Symbian-based smartphones

Everywhere you look, people have smartphones. We are walking around with more computing power in our pocket than all of NASA had in the 1960s, and there's such a bewildering range of choices that you have to rely on the three bullet points the mobile phone stores and brochures provide. In this group test, the first of two looking at smartphones, I will look at a number of the most recent Symbian-based smartphones, what they offer, and their strengths and weaknesses.

It's important to realise that today's smartphone is as vital to conducting business as your laptop, and just like your laptop there are certain things that every smartphone will do. Just like laptops, where you have two flavours to choose from (either a Windows based laptop or an Apple Mac OS-based device) you have a similar choice in the world of smartphones. You can either choose a smartphone powered by the Symbian OS, or one powered by an alternative OS (most likely Microsoft's Windows Mobile).

Symbian was founded in 1999 by Nokia, Ericsson, Motorola and Psion, as "a co-operative approach between the world's leading innovators... to establish EPOC [now Symbian OS] as the de facto operating system."

A Symbian smartphone is not built by Symbian, but rather by a handset manufacturer (such as Nokia or Sony Ericsson). The manufacturer will licence the Symbian operating system and then choose a graphical user interface to sit between the user and the operating system. Two major interfaces are available for the latest version of the OS, one from Nokia (S60, formerly Series 60) and one from Sony Ericsson (the recently purchased UIQ). These interfaces are proprietary to the respective companies although they do license them to other manufacturers.

S60 is Nokia's major smartphone interface, and has the largest installed base of any smartphone interface. It is designed to be used with one hand, and does not have a touch screen. Because of this, the screens can be a lot sharper and easier to read in sunlight than the touch sensitive UIQ screens. The handsets are based around a numeric keypad, with two function buttons (on the left and right of the screens) and a cursor pad. It's a very traditional approach and has allowed S60 to grow steadily in the mass market - as demographic groups ask for 'an MP3 music phones' for example, Nokia can simply put together a music player application and bundle it in the firmware.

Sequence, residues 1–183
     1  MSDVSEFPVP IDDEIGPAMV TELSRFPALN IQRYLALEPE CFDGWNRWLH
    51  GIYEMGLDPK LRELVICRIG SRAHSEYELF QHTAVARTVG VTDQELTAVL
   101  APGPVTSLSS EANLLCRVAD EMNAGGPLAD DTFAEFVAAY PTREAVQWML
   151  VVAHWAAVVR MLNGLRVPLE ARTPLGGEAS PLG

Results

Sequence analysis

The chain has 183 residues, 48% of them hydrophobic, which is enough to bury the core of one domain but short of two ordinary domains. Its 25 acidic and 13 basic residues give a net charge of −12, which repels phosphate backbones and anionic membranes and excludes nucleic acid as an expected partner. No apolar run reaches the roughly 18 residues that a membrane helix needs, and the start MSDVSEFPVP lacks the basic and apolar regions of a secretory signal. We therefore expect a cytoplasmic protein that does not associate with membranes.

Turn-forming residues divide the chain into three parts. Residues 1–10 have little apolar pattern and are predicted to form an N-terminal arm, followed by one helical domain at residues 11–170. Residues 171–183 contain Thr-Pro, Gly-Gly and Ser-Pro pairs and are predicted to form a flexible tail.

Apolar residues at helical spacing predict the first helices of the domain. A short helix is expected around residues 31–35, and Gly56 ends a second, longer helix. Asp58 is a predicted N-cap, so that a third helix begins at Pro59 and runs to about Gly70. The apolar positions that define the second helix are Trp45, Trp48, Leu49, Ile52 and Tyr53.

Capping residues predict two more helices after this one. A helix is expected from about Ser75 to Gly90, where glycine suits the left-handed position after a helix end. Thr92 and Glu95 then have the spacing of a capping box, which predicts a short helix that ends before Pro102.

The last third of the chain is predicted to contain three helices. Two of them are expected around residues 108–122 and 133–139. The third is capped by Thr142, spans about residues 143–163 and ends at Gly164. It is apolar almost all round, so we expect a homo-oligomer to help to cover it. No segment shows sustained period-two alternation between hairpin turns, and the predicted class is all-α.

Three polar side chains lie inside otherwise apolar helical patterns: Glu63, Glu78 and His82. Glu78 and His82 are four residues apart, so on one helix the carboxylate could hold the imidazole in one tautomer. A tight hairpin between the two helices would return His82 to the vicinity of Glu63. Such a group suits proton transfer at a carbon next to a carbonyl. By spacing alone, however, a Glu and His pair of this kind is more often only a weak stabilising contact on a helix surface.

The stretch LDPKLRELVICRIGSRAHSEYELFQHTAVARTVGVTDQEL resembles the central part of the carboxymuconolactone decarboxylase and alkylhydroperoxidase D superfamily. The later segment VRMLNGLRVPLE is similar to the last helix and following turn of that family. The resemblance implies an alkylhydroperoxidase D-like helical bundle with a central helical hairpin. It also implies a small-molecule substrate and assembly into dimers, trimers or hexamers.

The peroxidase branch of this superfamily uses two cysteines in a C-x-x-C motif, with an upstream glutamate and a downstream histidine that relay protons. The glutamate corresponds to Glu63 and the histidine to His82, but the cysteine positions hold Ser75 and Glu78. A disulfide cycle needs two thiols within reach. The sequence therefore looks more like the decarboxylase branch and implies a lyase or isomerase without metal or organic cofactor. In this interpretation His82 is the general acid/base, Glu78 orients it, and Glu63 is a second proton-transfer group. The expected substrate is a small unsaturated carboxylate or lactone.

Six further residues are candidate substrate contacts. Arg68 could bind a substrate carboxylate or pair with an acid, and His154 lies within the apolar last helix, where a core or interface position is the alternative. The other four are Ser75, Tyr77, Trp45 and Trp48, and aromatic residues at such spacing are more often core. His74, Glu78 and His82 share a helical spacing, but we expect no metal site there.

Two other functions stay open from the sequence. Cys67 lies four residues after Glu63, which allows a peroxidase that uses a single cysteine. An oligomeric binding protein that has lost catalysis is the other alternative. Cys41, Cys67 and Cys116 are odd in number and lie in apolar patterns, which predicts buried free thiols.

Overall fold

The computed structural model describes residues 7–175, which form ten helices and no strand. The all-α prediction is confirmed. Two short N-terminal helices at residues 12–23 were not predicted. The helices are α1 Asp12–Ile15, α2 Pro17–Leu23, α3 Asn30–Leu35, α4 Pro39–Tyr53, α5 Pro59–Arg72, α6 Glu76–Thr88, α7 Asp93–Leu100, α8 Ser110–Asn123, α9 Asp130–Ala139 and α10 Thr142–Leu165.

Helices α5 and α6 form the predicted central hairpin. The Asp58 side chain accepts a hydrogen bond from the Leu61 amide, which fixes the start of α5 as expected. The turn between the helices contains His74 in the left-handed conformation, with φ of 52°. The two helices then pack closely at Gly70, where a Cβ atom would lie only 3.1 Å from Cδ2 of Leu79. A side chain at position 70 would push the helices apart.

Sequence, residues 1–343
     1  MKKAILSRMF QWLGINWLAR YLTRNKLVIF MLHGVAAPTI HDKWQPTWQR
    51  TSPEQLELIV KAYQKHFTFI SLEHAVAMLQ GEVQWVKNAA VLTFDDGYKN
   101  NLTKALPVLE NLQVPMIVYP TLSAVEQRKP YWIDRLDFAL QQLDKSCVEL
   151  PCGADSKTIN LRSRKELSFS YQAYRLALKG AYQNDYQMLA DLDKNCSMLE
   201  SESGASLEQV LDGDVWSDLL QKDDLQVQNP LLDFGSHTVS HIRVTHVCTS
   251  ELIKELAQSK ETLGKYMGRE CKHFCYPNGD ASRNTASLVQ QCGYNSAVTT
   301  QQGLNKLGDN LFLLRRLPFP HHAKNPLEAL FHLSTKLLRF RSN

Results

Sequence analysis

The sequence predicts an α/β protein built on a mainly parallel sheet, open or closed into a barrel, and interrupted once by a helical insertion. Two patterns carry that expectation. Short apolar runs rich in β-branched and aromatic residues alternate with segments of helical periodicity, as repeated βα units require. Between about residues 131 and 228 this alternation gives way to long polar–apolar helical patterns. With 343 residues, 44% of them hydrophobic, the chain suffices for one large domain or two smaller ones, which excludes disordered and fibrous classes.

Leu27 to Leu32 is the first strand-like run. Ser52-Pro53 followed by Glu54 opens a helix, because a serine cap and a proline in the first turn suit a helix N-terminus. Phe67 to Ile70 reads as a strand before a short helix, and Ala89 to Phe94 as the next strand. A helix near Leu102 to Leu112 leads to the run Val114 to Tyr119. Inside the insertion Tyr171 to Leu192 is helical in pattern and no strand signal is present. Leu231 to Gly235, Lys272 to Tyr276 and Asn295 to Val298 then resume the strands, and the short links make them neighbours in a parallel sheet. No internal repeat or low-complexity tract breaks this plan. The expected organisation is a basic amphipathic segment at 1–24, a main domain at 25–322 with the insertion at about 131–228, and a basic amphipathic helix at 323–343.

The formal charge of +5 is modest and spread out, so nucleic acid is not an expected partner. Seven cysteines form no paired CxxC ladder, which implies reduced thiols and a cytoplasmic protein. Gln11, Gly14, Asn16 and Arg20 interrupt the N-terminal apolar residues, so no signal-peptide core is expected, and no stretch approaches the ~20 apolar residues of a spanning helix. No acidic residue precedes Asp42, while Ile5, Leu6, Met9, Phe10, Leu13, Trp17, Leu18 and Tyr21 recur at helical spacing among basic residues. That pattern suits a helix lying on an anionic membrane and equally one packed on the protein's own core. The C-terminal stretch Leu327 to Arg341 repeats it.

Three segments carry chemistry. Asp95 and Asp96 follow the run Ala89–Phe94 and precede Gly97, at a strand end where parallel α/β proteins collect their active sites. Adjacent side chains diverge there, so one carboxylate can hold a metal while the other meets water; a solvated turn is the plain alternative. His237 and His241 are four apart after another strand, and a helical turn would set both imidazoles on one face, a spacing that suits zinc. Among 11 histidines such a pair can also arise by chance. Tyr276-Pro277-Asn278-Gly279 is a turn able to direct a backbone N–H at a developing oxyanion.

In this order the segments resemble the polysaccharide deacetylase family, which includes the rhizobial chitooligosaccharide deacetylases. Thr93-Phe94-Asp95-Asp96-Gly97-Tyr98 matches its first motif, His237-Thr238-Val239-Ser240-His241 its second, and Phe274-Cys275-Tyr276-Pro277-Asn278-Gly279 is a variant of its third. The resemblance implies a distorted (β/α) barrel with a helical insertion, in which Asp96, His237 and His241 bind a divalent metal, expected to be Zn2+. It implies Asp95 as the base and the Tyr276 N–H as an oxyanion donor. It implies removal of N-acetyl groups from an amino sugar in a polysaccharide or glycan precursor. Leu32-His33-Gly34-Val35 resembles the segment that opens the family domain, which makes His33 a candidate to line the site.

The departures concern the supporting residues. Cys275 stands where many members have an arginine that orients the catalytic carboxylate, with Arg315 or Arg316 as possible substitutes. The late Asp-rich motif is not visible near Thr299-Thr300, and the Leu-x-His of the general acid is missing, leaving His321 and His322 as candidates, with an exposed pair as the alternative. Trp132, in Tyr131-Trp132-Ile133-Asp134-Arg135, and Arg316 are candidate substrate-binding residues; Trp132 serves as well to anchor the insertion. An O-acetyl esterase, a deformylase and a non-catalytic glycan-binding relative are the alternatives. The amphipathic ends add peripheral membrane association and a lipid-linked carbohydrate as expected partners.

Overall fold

UIQ on the other hand, has appealed to the PDA owner. While the devices sport keypads of either regular numbers of mini Qwerty keyboards, the main interface is a touch screen. Paired up with character recognition software, it feels more like a Palm or Pocket PC than a regular phone, so there can be a steeper learning curve for new users, although it does give PDA owners a route into the smartphone market, bringing them a comfortable idiom all the benefits of third party software, PC integration and multimedia.

There's not much functionality to differentiate UIQ and S60 now (much like the laptop market) but there are a number of different form factors and bundled software suites that give each phone a different appeal. Being computers, these smartphones can all have third party software installed to increase their capabilities. One major thing to point out is that while UIQ and S60 are both Symbian OS powered, an application that runs on S60 will not run under UIQ (nor vice versa). If you are likely to use third party software, decide what areas you want to stress on and investigate beforehand which platform is best for you - generally S60 will have more leisure software, while UIQ will focus on business and 'power' applications, although many authors will port software for both.